Men opting out of mentoring women is a leadership failure

by Sep 19, 20193Plus, 3Plus online e-Gazine for professional women, Leadership, Mentoring, Sexism and Sexual Harassment

Why are men opting out of mentoring women?

Men opting out of mentoring women suggests that it is women who are at fault, rather than men’s behaviours. This is a leadership failure that needs to be addressed.

There are a number of reports of men opting out of mentoring women because they’re becoming anxious about cross-gender mentoring. This is a development which needs to be revisited and reassessed because it touches on the overlapping areas of boundary setting, inappropriate conduct and sexual harassment. The message on this is that it is very much a leadership issue.

Many organizations still have few women in leadership positions. Therefore the responsibility of senior executives (by default predominantly male) to groom and develop future leaders, is significant. However, the lack of women in senior roles means we rely on men to advance women’s careers through mentoring. For many junior female employees it’s their only option. If men opt out of mentoring women, either passively by failing to volunteer, or actively by refusing to participate, this is going to have significant impact on women’s careers. As a result, it will affect their ability to advance to leadership positions. There’s a potential double fall-out for women of colour, who are marginalized on two counts.

3Plus has a team of high-profile mentors with a wide rang of experiences. Contact 3Plus today to find the right mentor for you.

The nature of mentoring means there needs to be a close professional relationship between the mentee and the mentor. Note the word professional. However, this is set against a cultural background of toxic male-coded cultures both in the workplace and a wider sense. Acts of open misogyny have been exposed and fully reported in our media especially after the #MeToo scandals. Against this backdrop, some men feel their everyday workplace interactions with women employees make them vulnerable for accusations of impropriety. Running scared, they prefer to eliminate the problem altogether, by disposing of the mentoring relationship. They identify the issue as  being the fault of the women, rather than the behaviour of other men. They fail to properly consider that it is possible to build a supportive mentoring relationship where the notion of anything inappropriate would be completely foreign.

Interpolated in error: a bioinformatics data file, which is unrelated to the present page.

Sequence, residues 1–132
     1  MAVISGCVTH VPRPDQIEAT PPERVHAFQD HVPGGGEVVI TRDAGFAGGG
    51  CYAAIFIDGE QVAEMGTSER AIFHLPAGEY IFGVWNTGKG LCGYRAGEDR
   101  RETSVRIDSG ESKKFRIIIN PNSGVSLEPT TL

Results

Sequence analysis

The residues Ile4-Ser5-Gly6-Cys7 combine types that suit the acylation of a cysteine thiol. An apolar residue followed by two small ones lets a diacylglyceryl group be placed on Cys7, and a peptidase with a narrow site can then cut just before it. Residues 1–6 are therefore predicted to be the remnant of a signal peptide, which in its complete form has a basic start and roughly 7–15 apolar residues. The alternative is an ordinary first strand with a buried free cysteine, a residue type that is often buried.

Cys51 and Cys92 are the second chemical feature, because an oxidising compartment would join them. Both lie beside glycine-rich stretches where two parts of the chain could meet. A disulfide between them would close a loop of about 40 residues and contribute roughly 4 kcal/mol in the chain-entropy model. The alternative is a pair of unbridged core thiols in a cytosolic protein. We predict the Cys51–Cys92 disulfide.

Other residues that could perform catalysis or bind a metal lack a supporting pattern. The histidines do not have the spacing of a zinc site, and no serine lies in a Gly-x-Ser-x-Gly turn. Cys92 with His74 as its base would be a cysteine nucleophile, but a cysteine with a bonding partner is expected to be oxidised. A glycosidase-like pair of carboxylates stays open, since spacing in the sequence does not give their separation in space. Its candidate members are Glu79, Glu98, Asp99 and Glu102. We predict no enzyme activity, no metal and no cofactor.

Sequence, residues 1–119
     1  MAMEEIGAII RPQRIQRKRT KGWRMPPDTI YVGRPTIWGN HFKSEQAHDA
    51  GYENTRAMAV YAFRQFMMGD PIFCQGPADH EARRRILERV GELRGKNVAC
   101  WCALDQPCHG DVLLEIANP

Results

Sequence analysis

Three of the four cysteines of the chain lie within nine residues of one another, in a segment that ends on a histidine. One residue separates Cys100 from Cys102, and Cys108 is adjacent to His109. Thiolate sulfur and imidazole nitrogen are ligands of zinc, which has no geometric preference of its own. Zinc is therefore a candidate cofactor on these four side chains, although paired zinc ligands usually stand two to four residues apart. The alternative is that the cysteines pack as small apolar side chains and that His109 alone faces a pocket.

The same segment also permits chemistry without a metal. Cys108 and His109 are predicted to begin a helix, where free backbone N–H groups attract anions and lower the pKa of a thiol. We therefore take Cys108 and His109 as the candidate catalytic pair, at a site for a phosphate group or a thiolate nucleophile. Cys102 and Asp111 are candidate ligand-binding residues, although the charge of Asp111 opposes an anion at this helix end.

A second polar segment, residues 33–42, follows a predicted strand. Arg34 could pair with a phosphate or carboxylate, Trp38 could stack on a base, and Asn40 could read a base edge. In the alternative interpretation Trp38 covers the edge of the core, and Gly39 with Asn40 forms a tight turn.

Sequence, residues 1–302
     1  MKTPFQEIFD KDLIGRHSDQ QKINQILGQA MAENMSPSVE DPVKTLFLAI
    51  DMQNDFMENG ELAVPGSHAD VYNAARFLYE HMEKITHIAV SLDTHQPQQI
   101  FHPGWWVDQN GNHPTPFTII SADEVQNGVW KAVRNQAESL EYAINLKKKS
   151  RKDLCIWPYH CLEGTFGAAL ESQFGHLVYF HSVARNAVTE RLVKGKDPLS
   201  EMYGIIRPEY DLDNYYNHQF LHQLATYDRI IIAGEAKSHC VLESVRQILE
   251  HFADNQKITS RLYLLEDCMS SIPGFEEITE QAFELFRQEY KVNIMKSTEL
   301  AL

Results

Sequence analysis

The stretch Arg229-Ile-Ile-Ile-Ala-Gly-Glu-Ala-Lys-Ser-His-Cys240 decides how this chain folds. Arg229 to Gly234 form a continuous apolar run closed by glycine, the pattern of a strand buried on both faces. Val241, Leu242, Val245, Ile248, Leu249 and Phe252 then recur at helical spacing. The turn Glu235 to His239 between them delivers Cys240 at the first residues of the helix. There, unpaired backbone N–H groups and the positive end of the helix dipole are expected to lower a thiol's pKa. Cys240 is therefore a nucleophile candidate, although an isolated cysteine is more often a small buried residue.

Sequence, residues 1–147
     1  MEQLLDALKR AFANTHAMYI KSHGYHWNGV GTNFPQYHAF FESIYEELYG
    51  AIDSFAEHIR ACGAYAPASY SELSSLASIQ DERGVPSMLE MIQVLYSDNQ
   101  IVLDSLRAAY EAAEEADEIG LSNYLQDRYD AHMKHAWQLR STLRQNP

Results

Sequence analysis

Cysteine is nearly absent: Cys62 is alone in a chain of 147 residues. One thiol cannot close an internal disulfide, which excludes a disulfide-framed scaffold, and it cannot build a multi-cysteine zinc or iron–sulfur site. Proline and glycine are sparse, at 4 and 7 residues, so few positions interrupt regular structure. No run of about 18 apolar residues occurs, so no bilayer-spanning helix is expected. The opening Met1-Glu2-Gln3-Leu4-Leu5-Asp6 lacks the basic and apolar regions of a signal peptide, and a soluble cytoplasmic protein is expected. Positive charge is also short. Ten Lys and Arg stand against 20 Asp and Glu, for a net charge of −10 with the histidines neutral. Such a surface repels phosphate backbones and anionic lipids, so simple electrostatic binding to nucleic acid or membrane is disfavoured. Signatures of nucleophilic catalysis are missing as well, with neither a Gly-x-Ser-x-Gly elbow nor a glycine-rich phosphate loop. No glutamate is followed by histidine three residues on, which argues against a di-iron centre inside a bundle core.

Men opting out of mentoring women or any other professional interactions (travel, dinners, networking events etc.) suggests two things:

1. Men are unable to control their behaviour

There’s a suggestion that men can’t control their own behaviour and as such, can’t be held responsible for their actions so women have to be removed from the equation. It also implies that they don’t understand what is involved in “inappropriate conduct.” This does a disservice to those male leaders who conduct their activities with transparency and integrity. For any employee, who deliberately avoids interaction with another, for fear of false accusations of impropriety, will limit and potentially damage business success.

Men who mentor emerging women leaders have a duty of care to their mentees. Their role is to make sure they enjoy the same rights and level of protection as their male colleagues. They should recognise their mentees’ skills and experience and the contribution they can make to the organization.

2. Women are sexually manipulative

It falls into the old gender-stereotype trap; women are sexually manipulative and will do anything to reach their goals.

Achieving gender equality is a goal that all organisations should embrace. It ought to be a mission and message that is communicated to all employees. Male leaders should be responsible for the well-being of all their employees. Therefore, they should be tasked with helping them all reach their potential. Unconscious bias and sensitivity training around toxic masculinity should communicate best practices to all involved in the mentoring process.

The recent spate of #MeToo exposés suggests that the line between appropriate and inappropriate behaviour has become blurred. It smacks of cultures where the intolerable has been tolerated and where the level of collusion is high. ‘The culture of any organization is shaped by the worst behaviour the leader is willing to tolerate.” (Gruenter and Whitaker)

Our most senior leaders have to draw the line in the sand with clear zero tolerance policies on sexual harassment. There should be clear guidelines of what behaviours are inappropriate enforced by clearly defined codes of professional workplace conduct signed by all employees. Any contraventions should carry penalties.

This means that if the trend of men opting out of mentoring women continues, our leaders are not doing their jobs. As such, it is a sign of a significant leadership failure.

Do you think that women in your company need more support? Contact 3Plus to find out more about our Mentoring Programmes HERE.

If you feel passionate about gender balance and topical issues impacting women in the workplace 3Plus would be delighted to publish your work. Don't wait - send it in

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